Business boomed Tuesday at the Ocala Breeders' Sales Company's February juvenile auction. The average price soared 25.2% to reach its highest level ever. In addition, OBS sold its most expensive juvenile ever when a rangy, powerful-looking Wild Rush colt brought $1.6 million.
"It was a phenomenal sale," said Tom Ventura, the OBS general manager and director of sales. "In general, the horse market has been doing well since the yearling sales, so that's part of it. But I also think this sale, in particular, has been very impressive in producing racehorses, so that has to be part of it, too. The people in this business do their research. The ones who have brought horses from us in the past have had success with them, so they've come back, and the new buyers have become aware of the quality of the horses in the sale. So far, there have been 12 stakes winners out of last year's sale."
The 112 horses sold at Calder Race Course in South Florida grossed $15,266,000 and averaged $136,504. The median was $87,500. Compared to a year ago, the gross soared 19.9% while the median rose 16.7%. The buy-back rate increased from 29.5% last year to 33.7% this year.
Twenty horses sold for $200,000 or more, setting a sale record while advancing from last year's total of 11.
John Ferguson, the bloodstock manager for Sheikh Mohammed purchased the sale-topping Wild Rush colt. Bidding over the telephone, with Jimmy Bell relaying his bids to the auction stand, Ferguson outlasted John Oxley, who was accompanied by trainer John Ward.
"We liked everything about him," said Bell of the colt. "We think he's got great potential. It looks like he could do it all at any time. He is a very athletic individual. He stood out for a reason."
Asked why he dropped out of the bidding, Oxley said: "I had already gone over my budget for him. He's a nice colt, but I would rather buy several for that amount."
The colt is out of the 8-year-old Meadowlake
mare Freudenau and is from the family of graded winners Low Tolerance, Aspen Rose, Running Tide, and Kyle's Our Man. Florida pinhooker W.D. "Willy" North purchased the colt for only $45,000 at last year's OBS August yearling sale. He signed the name of his friend, fellow pinhooker Ricky Leppala, to the sale ticket.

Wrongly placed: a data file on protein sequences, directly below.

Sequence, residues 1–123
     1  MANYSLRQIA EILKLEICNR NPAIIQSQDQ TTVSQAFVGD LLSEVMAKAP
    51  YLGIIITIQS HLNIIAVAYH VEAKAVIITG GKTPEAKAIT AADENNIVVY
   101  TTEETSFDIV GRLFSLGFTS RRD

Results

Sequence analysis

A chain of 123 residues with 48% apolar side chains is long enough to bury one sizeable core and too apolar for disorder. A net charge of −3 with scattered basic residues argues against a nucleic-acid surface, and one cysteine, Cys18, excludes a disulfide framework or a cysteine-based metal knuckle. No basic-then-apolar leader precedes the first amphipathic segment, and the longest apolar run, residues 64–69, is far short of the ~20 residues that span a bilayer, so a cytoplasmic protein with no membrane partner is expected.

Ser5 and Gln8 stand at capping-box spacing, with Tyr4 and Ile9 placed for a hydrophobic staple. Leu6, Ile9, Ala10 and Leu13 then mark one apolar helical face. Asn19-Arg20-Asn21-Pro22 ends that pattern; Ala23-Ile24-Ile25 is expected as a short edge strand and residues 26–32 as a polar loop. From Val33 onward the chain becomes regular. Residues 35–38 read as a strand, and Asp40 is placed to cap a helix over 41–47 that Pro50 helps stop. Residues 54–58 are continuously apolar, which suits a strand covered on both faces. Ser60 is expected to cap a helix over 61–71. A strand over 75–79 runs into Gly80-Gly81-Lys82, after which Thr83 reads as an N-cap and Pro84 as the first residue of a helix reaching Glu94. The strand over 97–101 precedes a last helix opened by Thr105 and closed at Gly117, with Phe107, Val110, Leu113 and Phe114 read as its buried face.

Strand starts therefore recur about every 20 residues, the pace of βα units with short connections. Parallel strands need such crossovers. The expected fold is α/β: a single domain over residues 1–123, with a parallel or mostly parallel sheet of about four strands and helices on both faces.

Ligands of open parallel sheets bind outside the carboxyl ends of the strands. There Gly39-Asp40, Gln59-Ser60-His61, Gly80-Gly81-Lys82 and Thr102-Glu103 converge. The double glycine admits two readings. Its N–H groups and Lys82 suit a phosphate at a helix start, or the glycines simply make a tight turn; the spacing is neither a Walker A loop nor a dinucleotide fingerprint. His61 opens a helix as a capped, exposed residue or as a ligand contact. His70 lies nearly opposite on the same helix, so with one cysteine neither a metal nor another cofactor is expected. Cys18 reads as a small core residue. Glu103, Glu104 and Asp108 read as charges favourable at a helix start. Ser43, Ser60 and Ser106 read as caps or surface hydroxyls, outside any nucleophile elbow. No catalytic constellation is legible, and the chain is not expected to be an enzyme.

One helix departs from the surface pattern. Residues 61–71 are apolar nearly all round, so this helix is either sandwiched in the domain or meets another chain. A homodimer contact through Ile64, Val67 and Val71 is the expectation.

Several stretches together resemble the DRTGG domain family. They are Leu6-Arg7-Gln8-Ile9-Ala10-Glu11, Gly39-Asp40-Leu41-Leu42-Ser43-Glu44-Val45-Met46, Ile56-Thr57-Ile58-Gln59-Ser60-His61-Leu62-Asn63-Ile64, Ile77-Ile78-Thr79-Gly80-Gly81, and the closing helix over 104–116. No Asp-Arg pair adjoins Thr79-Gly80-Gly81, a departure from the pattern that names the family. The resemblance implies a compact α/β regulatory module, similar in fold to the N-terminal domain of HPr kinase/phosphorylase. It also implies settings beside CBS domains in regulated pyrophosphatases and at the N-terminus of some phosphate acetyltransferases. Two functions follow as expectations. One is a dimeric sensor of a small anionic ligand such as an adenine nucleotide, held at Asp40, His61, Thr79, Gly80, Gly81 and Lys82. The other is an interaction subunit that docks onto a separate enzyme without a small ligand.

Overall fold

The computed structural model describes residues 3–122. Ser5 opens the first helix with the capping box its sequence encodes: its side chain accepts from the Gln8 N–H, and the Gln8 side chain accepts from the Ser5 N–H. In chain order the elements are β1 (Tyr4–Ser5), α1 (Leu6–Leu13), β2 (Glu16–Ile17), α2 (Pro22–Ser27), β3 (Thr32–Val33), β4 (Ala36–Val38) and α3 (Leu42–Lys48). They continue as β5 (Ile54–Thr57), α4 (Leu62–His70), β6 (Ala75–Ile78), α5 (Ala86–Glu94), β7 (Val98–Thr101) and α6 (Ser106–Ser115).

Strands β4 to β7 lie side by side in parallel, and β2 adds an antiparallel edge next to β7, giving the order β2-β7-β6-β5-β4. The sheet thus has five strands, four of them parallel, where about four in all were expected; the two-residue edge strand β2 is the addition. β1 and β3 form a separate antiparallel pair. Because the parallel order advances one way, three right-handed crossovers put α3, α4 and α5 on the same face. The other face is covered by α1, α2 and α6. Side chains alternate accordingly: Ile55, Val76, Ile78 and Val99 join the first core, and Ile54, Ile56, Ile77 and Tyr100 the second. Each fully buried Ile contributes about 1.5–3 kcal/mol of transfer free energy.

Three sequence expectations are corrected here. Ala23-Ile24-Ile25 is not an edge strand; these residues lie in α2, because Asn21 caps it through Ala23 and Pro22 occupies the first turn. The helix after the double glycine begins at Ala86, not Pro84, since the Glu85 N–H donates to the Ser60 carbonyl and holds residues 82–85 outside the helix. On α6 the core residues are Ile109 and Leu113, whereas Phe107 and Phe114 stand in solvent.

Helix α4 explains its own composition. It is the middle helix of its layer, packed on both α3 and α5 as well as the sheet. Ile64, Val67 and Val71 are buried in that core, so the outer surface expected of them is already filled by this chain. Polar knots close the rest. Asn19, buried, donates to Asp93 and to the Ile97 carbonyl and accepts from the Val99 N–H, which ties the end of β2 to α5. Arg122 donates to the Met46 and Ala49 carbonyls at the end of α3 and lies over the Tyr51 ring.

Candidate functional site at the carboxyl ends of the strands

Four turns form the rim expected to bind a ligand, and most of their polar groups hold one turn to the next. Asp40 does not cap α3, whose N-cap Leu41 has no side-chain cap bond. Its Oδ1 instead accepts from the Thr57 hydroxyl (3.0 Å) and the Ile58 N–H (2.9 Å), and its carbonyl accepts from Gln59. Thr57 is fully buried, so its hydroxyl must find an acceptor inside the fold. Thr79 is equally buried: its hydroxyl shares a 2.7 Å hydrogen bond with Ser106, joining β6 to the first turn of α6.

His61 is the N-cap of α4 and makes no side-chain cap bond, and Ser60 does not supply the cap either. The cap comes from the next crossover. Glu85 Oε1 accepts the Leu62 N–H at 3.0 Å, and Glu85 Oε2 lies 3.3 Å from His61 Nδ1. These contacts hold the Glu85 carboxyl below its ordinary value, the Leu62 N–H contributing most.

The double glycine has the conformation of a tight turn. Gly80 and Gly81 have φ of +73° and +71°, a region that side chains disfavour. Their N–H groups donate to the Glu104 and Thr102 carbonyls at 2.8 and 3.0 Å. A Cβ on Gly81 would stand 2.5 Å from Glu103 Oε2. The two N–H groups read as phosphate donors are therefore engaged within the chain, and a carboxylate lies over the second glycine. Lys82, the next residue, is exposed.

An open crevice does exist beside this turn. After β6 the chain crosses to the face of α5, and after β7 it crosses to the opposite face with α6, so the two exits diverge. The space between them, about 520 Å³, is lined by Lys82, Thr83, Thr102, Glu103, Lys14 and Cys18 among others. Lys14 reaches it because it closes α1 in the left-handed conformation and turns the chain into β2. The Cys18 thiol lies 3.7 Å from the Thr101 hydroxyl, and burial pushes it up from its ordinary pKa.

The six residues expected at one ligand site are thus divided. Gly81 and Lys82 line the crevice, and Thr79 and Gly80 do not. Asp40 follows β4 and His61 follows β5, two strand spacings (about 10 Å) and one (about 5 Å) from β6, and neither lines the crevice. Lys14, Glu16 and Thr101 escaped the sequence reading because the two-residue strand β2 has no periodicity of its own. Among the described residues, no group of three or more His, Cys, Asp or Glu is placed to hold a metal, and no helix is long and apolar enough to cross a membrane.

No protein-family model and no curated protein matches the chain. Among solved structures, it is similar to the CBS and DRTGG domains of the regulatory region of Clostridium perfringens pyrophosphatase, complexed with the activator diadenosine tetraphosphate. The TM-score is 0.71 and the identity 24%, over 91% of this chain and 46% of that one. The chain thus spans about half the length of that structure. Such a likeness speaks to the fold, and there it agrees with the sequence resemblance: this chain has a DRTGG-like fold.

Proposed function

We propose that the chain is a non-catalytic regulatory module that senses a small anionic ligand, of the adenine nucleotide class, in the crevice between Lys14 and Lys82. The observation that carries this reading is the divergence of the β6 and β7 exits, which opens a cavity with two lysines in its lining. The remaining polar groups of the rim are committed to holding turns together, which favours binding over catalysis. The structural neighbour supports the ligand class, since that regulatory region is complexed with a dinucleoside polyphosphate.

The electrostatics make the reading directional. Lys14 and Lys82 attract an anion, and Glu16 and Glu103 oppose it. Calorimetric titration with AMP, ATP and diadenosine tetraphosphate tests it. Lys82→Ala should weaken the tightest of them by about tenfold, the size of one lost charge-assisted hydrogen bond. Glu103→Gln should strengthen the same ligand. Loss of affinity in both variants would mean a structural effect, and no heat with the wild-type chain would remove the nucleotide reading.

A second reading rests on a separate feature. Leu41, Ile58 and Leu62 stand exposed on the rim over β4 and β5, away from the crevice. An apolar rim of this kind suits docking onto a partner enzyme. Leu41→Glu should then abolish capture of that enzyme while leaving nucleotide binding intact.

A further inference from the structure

"Ricky helps me to get financing for horses, so I use his name to buy horses and his line of credit," North explained.
As a yearling, the colt "had perfect balance," North remembered. "Everybody was cold on Wild Rush, but I still liked him. I thought he hadn't had a legitimate shot (as a stallion) yet."
Even though he was a May foal, the bay colt had plenty of size. He also started acting like he wanted to be a racehorse soon after North bought him.
"From day one, this colt just moved so free," North said. "Turned out in a field with other horses, he just outclassed them. He's never had a bad day training."
The colt's $1.6-million juvenile price was "beyond dreams," said North, who owned the colt in partnership with Norman Adams, a Florida resident who is in the construction business.
-- Carsona colt and Horse Chestnut
-- Baby Rabbit colt each sold for $500,000, the sale's second-highest price. Irish bloodstock agent Demi O'Byrne bought them both. He said they would be owned by Michael Tabor and that Derrick Smith probably would be a partner.
Tabor and Smith race Chapel Royal, purchased by O'Byrne for $1.2 million at the 2003 OBS Calder sale. The price was an OBS record until the Wild Rush colt sold this year.Results from OBSC